Welcome to the Desert of the Real

While searching through Molleindustria’s site, I came across a link to a machinima called Welcome to the Desert of the Real, created using America’s Army, the military’s free propaganda game. I was quite surprised and intrigued by this, dubbed a “reverse propaganda film” about Post Traumatic Stress Disorder (PTSD). The film uses footage from the game along with text from the Army’s official PTSD manual.

I was struck by the aesthetic values of the film, which takes a machine of war and beats its sword into a ploughshare machine of art. Each image is aesthetic, the blocky polygon approximations reduced to Lawrence of Arabia-esque desertscapes with ruins of Middle Eastern buildings, dust storms, and endless spreads of desert where jagged edges of ground textures dance on the edges of vision like a mirage. A piece of war, now a piece of aesthetics. It also suggests connections with war photography, but also with film, landscape, and the surreal. But this aesthetic approach is top notch, with well-polished cinematography and artistic composition of shots.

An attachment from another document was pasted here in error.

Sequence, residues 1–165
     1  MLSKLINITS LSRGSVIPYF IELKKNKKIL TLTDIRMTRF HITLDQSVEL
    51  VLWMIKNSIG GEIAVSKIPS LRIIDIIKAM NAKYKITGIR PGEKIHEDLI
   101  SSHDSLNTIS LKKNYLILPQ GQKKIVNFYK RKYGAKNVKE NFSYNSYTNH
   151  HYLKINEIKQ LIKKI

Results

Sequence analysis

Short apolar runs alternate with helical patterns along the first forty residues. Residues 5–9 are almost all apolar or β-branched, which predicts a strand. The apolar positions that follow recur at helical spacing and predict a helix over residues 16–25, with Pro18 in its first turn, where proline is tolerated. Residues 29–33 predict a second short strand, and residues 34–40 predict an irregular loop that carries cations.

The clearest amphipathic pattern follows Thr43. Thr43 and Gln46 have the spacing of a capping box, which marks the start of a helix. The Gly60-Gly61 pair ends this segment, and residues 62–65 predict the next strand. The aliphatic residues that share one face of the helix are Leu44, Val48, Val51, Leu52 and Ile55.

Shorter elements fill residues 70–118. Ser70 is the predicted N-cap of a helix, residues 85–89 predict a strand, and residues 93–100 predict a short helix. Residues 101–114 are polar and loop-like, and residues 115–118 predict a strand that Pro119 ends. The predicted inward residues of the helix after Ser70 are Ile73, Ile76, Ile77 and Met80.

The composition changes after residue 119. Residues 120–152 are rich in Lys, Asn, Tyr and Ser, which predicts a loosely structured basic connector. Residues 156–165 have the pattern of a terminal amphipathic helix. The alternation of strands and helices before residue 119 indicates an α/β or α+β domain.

This said, I find the connections to PTSD seem a little obscure. The lone soldier treads through this surreal dreamscape, a desert void of life, both friend and foe. It is a space he wanders by himself, and yet it does not directly reference any specific PTSD events (aside from a shooting in the opening). While on the one hand, I appreciate the game’s distancing from imagery of violence and death, or even just the leavings of battle, the juxtaposition of words and imagery seems more a space to let the words sink in rather than to suggest a connection between word and image. If anything, the film has to do with PTSD through the loneliness and silent, solitary patrol of the soldier and his lonely battle with the illness. He feels isolated, unable to cope with this demon and afraid he will be ostracized for admitting it. As such, it eats him away like the heat of the desert sands and the baking rays of the sun. However, this connection might be difficult to make for most people, as our images of what PTSD actually is and its effects are obscure to the sheltered mind, the words not directly connected with the imagery beyond tenuous metaphor.

Also…Wordpress does not seem to directly support Vimeo, despite the fact it has better display conditions than YouTube.

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